Photography - The combination of historical and natural areas make the park an excellent destination for photographers.
Historical and Cultural Demonstrations - Several developed areas offer hands-on demonstrations of mountain life and culture.
Ranger Guided Walks and Evening Programs - During the summer season, most developed areas offer evening programs, or more traditional campfire programs, along with guided walks and special programs.
Horseback Riding - In the Roanoke area and at the Moses H. Cone Estate, horseback riding trails are available.
Birdwatching - Because the Appalachian Mountains shape the flyway for most eastern migratory birds, the Parkway is an excellent place for both birdwatching and autumn migratory bird counts.
For details on the many stops along the Parkway near Asheville and our cabins, see the Blue Ridge Parkway Guide.
Along the Parkway, be sure to stop at the Orchard at Altapass for some apples, local jams, delicious fudge, music, crafts and more!
Frequently Asked Questions
Can I picnic along the roadside? In most places, picnicking is allowed on the roadside. This is a long-standing Parkway tradition, but you must be pulled completely off the road and please avoid soggy areas or ditches if we've had an abundance of rain. North of Asheville, NC, the Parkway goes through the city watershed and off-road parking is not permitted where indicated by signs.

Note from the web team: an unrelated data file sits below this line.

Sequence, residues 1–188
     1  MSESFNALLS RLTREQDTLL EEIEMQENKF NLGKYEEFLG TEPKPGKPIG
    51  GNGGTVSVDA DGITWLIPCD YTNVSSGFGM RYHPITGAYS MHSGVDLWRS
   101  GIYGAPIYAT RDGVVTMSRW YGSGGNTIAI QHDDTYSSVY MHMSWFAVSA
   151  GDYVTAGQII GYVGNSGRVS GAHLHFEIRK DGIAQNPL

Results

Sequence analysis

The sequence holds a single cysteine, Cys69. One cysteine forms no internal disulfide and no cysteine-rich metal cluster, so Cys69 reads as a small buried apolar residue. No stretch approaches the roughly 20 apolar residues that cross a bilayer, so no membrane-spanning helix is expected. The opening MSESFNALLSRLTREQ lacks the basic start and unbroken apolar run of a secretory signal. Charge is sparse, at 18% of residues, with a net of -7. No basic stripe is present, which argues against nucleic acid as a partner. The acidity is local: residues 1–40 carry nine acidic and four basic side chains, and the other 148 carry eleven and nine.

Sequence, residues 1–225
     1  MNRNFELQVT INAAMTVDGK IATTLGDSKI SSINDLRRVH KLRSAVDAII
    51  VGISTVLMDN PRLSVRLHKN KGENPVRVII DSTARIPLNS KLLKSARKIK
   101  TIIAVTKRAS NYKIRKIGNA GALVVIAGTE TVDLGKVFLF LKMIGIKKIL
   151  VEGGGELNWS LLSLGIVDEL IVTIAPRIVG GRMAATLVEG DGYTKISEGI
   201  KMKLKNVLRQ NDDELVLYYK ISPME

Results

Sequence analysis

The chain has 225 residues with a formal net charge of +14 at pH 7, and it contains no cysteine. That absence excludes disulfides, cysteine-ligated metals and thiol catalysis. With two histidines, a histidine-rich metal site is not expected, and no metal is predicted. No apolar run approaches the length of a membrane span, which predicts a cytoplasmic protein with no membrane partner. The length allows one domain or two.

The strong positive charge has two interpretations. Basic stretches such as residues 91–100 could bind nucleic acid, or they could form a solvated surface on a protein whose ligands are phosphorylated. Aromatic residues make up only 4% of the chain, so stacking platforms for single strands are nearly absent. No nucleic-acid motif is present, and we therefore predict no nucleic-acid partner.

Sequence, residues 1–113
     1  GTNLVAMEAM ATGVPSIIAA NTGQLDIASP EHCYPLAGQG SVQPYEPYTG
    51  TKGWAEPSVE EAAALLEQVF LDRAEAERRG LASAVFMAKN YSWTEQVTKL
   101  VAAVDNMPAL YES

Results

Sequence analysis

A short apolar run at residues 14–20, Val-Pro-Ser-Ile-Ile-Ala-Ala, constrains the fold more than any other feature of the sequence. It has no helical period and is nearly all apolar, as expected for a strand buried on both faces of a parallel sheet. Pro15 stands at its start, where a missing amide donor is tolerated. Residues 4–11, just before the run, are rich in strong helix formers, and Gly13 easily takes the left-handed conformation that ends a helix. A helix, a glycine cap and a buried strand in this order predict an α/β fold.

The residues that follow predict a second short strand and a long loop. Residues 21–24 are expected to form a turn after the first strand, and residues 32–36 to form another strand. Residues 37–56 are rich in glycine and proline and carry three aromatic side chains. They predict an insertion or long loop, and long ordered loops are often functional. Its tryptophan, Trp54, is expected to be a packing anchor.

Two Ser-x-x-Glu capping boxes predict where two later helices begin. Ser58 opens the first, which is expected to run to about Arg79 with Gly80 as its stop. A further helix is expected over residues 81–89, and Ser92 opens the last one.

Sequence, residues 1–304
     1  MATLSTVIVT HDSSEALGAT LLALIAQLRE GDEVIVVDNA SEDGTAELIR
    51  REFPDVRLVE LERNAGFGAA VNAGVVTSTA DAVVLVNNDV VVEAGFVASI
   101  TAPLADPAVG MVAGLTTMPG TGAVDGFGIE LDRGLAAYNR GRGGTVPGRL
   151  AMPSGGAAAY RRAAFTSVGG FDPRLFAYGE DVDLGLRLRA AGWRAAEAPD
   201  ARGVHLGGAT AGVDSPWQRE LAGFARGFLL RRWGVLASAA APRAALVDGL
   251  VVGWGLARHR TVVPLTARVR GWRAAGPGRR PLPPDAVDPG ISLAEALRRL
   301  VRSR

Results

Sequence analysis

Can we visit in the winter? Most Parkway facilities are closed in the winter, although the road itself is open as long as snow or ice do not create dangerous driving conditions. The park information line, (828) 298 0398, is the most up-to-date source for road closures by section and access to Parkway weather reports.
How do I get the best photographs along the Parkway? No photographs adequately capture what you see with your eye from the Parkway's many overlooks, but here are a few tips that may help you out. Early morning or late afternoon sun is much better than mid-day when colors appear to be "washed out." Keep the sun at your back and have someone in your family or group in the picture as a way to personalize your visit.